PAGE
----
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InfoQ Homepage News Jigsaw Finally Arrives in JDK 9

Jigsaw Finally Arrives in JDK 9

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In an e-mail to the jdk9-dev list, Alan Bateman announced that a snapshot version of the Jigsaw module system would finally be incorporated into the mainline JDK9 development branch. The state of the module system document has recently been updated to indicate progress, but this is the first time that the changes will be brought back together since the Jigsaw project started.

Historically Java development has been done in separate branches, or since they are Mercurial, different trees. The Hotspot compiler (and underlying VM contents) is developed in the Hotspot tree, while mainline Java development is done in the jdk tree. There are also different trees for nashorn and even corba in the Open JDK set. As a result, each of these groupings is referred to as a forest as they are related trees. (The structure is largely because Mercurial didn't have lightweight branching when the project was created; and since it doesn't manage inter-branch pushing well they were separated as different repositories. This is also why there are jdk8 and jdk8u forests; jdk8 is effectively the head development branch while jdk8u contains forks of those repositories pinned at specific tags, such as 8u40 and 8u60. Fortunately all of these can be collapsed down to a single Git repository which makes a lot more sense in general.)

The changes introduced by Jigsaw are fairly significant; the underlying packages have been split into different modules, each containing one or more packages. The java.base module contains the majority of the standard Java libraries (java.lang, java.util, java.time etc.) This split has had some casualties; the java.beans package, due to its tight coupling with AWT and Applets, has been migrated into the java.desktop module; which means classes in the java.base package that implemented listener registration methods for PropertyChangeListener have been removed.

However, to keep developing the JDK 9 classes and Jigsaw, without causing difficulties, the Jigsaw implementation has been in its own forest. As a result, the mainlnie OpenJDK Java builds available from Oracle and Azul's Zulu haven't had Jigsaw for developers to try out. Instead, a special 'early access' build has been made available, which provides the Jigsaw content but not some other changes from the JDK 9 branches.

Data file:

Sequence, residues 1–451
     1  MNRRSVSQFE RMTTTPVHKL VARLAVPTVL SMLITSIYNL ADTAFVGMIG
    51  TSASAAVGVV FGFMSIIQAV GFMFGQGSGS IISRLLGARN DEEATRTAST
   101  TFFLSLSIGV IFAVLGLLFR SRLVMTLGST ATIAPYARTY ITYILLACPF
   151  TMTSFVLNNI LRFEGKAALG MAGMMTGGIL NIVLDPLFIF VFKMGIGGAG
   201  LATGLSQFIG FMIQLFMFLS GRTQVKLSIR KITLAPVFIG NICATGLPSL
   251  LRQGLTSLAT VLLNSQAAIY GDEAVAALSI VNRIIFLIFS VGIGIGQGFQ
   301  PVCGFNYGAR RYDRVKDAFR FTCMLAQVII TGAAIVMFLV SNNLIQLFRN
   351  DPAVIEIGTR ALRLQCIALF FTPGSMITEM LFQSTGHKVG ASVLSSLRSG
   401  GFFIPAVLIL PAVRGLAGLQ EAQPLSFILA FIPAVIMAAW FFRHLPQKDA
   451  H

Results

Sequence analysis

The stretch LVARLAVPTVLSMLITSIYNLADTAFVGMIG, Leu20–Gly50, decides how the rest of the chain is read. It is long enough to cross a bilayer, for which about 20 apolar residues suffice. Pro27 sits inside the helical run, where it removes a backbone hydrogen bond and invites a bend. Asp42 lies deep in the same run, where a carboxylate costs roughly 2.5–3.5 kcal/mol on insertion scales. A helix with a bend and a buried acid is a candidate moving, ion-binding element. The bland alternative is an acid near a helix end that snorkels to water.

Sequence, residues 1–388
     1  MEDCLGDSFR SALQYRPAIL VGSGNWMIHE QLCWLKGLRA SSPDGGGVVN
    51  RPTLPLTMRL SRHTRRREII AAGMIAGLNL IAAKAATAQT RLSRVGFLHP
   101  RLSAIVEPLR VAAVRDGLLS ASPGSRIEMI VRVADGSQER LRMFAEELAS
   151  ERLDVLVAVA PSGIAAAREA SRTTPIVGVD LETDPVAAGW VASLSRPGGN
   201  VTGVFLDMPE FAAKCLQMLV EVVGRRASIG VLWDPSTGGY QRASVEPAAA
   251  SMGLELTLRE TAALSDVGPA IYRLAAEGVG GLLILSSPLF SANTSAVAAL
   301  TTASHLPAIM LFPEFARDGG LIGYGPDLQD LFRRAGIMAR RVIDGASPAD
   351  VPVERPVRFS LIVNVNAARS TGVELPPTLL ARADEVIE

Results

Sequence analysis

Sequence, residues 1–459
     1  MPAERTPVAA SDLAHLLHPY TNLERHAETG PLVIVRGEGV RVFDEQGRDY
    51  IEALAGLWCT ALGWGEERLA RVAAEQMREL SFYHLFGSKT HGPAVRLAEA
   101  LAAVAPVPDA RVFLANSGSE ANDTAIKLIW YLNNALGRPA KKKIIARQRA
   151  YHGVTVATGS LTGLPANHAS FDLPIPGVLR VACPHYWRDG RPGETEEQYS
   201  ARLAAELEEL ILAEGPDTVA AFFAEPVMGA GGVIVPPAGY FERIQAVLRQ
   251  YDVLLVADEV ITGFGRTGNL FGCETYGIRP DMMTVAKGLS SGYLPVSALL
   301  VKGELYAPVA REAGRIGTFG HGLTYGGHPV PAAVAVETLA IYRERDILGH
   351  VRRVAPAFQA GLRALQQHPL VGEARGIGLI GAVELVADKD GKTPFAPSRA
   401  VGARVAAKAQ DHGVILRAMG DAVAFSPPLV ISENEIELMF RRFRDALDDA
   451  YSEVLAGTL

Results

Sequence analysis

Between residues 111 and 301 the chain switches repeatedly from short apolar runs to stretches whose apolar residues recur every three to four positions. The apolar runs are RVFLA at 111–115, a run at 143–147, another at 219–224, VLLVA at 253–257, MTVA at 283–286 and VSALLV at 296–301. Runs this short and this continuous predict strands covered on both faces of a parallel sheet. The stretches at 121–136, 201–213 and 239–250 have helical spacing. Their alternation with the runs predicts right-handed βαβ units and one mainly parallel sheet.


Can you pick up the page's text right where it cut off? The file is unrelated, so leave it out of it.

As a result, this mail confirms that Oracle will try to merge the changes that have been developed in parallel from the Jigsaw forest into the JDK9 forest. Some of the advanced changes (such as the removal of the PropertyChangeListeners) have already been done; the automated diffs show no removals and a few hundred additions/changes to the APIs. To try and minimise any additional problems that arise, the JDK9 forest will effectively become locked for two weeks in order to attempt to merge the Jigsaw related changes into the mainline JDK9 forest. It's expected that it will only take one build -- March 21's JDK9+111 build is targetted -- but the Jigsaw team are requesting that March 27's JDK9+112 build is also reserved for potential Jigsaw changes.

Further changes to the Jigsaw modules will happen on the Jigsaw forest, so that developers working against mainline JDK9 won't have to deal with any flux that it may cause. However, the build will for the first time split out the changes to Java's base libraries into different modules, and compile with a module aware system, which will hopefully avoid problems with adding any extra leakage between modules in future. At some point in the future, the Jigsaw forest may be merged completely with JDK9 and then removed, though probably much closer to the end of this year.

Reviews are ongoing ahead of the merge; InfoQ will keep you updated with the state of the module system and Jigsaw's arrival into JDK9.

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